It’s an Inman News tradition to report on the predictions made by economists at major trade groups for real estate in the coming year, and to look back to see whether what they said last year panned out.

Here’s a look at what the National Association of Realtors, Mortgage Bankers Association, National Association of Home Builders, and the California Association of Realtors see in store for 2008, and how close their 2007 projections came to the mark.

Many experts didn’t foresee the massive disruption of credit and financial markets that took hold in 2007, and now threatens to e

It’s an Inman News tradition to report on the predictions made by economists at major trade groups for real estate in the coming year, and to look back to see whether what they said last year panned out.

Here’s a look at what the National Association of Realtors, Mortgage Bankers Association, National Association of Home Builders, and the California Association of Realtors see in store for 2008, and how close their 2007 projections came to the mark.

Many experts didn’t foresee the massive disruption of credit and financial markets that took hold in 2007, and now threatens to extend well into 2008. So it’s perhaps no surprise that these trade group economists were all overly optimistic in their predictions for a "soft landing" in 2007, with sales dropping off more sharply than any had expected.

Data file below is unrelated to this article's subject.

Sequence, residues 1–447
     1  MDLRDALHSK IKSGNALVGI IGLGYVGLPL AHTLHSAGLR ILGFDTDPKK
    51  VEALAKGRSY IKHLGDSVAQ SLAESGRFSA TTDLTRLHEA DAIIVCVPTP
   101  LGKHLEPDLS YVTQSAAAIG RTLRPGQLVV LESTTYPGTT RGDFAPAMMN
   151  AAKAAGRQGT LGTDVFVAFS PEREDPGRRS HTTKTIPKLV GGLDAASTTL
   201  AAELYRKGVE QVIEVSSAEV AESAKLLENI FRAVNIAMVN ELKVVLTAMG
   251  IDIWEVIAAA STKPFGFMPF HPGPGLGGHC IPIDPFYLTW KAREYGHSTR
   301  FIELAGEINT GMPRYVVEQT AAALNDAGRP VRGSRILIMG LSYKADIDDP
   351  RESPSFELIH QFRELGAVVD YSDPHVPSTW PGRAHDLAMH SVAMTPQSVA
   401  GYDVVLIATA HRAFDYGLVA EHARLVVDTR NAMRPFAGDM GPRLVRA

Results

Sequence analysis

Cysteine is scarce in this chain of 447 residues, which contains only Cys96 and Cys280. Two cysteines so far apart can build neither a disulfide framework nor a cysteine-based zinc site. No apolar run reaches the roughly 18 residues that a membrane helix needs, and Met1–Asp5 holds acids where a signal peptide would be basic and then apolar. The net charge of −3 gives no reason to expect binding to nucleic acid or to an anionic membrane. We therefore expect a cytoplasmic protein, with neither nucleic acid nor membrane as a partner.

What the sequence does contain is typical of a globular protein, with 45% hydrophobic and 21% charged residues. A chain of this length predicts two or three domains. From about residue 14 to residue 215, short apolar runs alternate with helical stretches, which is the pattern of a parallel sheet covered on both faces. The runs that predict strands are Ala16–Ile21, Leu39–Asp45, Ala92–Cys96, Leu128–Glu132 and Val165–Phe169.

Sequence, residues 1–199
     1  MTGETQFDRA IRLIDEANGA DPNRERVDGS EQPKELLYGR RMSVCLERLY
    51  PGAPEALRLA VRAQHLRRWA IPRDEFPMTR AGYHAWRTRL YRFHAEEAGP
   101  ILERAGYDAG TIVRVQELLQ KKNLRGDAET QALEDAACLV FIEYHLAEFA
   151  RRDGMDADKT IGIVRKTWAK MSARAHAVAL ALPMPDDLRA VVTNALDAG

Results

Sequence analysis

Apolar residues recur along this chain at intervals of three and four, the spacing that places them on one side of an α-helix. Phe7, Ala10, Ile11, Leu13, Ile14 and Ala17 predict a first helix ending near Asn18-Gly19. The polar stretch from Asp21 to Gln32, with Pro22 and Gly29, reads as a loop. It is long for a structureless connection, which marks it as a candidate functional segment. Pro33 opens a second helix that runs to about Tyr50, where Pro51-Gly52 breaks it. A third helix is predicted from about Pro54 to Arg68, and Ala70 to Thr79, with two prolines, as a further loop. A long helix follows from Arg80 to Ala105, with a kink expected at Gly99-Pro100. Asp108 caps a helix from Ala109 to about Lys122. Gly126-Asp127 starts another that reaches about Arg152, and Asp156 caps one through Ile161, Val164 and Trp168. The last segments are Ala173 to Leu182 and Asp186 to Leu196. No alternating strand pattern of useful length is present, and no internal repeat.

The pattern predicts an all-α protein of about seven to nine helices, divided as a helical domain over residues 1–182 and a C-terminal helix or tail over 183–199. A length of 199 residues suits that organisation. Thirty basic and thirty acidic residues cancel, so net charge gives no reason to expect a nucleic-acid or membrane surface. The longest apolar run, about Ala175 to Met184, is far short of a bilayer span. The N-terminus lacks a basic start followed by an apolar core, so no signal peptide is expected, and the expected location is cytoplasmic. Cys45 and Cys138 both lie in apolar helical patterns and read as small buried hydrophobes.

National Association of Realtors

At this time last year, NAR chief economist David Lereah thought sales would stay relatively flat in 2007, and that overall home-price gains would be modest. Sellers were "becoming realistic about current market conditions and are now offering more competitive pricing," he said at the time.

Lereah has since moved on to Move Inc., but his successor, Lawrence Yun, estimates that when all the numbers are in, they will show median prices for both new and existing homes actually fell in 2007. And it’s not exactly news that sales of new and existing homes fell sharply in 2007.

Yun is projecting that the median home price for existing homes fell 1.9 percent in 2007, to $217,600, contrary to Lereah’s prediction for modest growth of 1.7 percent to $227,500. At $239,100, the projected median new home price for 2007 was down 3 percent, when Lereah had predicted a 1.3 percent increase to $241,400.